Between assimilation and resistance of western musical culture: Traces of nationalism on José Pablo Moncayo’s Viola Sonata.
Jimenez, Tonatiuh G.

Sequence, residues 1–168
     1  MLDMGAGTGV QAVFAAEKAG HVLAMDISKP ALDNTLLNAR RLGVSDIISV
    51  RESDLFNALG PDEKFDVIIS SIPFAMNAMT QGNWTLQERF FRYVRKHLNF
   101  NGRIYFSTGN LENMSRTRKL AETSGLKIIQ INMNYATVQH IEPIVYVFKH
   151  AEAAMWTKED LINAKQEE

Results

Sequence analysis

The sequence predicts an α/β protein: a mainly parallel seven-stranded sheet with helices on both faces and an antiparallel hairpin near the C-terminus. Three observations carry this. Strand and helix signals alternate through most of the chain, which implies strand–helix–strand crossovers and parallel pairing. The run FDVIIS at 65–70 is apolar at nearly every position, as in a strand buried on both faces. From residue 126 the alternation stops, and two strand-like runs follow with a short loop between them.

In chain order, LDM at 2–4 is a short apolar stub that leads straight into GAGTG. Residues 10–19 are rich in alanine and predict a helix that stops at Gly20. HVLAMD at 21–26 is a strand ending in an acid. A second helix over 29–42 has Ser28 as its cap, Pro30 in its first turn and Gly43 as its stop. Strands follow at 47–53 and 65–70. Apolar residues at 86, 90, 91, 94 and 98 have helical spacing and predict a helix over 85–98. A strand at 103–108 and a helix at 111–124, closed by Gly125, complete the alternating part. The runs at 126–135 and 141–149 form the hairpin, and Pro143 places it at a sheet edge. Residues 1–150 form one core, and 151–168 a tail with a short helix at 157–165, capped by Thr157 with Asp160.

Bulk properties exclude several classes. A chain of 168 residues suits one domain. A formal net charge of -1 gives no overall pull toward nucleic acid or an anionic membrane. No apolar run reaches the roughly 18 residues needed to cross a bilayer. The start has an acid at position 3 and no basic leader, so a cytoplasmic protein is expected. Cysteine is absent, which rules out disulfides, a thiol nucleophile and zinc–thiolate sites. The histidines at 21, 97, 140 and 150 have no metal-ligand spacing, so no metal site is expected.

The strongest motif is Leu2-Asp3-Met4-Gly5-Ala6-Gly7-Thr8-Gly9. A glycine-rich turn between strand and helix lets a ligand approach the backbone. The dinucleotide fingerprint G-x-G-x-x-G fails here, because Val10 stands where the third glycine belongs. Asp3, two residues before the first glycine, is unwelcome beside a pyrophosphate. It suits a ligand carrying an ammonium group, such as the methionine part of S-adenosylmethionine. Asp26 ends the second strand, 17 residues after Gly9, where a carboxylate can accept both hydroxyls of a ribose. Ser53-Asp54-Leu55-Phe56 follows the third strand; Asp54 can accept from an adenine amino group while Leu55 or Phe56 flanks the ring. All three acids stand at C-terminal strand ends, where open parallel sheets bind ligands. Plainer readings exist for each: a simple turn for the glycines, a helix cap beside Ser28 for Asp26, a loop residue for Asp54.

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Throughout the first half of the twentieth century in Mexico, a nationalist movement emerged out of two predominant cultural processes: assimilation and resistance. This movement inspired a generation of Mexican composers to create a musical richness that exists between the tension and contradiction that are exposed in their nationalist compositions. Among other musical currents, nationalism dominated the art-music scene in the first half of the twentieth century in Mexico, causing some of the composers to introduce folk elements such as rhythms, melodies, and native instruments alternating with Western traditional forms. Best known for his orchestral work Huapango, José Pablo Moncayo's catalogue of works remains forgotten for the wider audience even in Mexico. A member of the “Group of Four” along with Blas Galindo, Salvador Contreras, and Daniel Ayala, Moncayo was an outstanding pupil of Carlos Chávez and had a significant career as a conductor. This dissertation explores how José Pablo Moncayo’s Viola Sonata combines sonata form with folk elements. The composer created his own style by following principles from his mentor Carlos Chávez who advocated a return to pre-Conquest musical ideals. I examine the work by analyzing its form, and other compositional procedures that were delineated through the musical idea of pandiatonicism, a term coined by the musicologist Nicolas Slonimsky. I state that this early sonata in Moncayos’s catalogue can be considered as pursuing a validation from Mexican nationalism as a subjective evocation of a remote past, the Aztec music.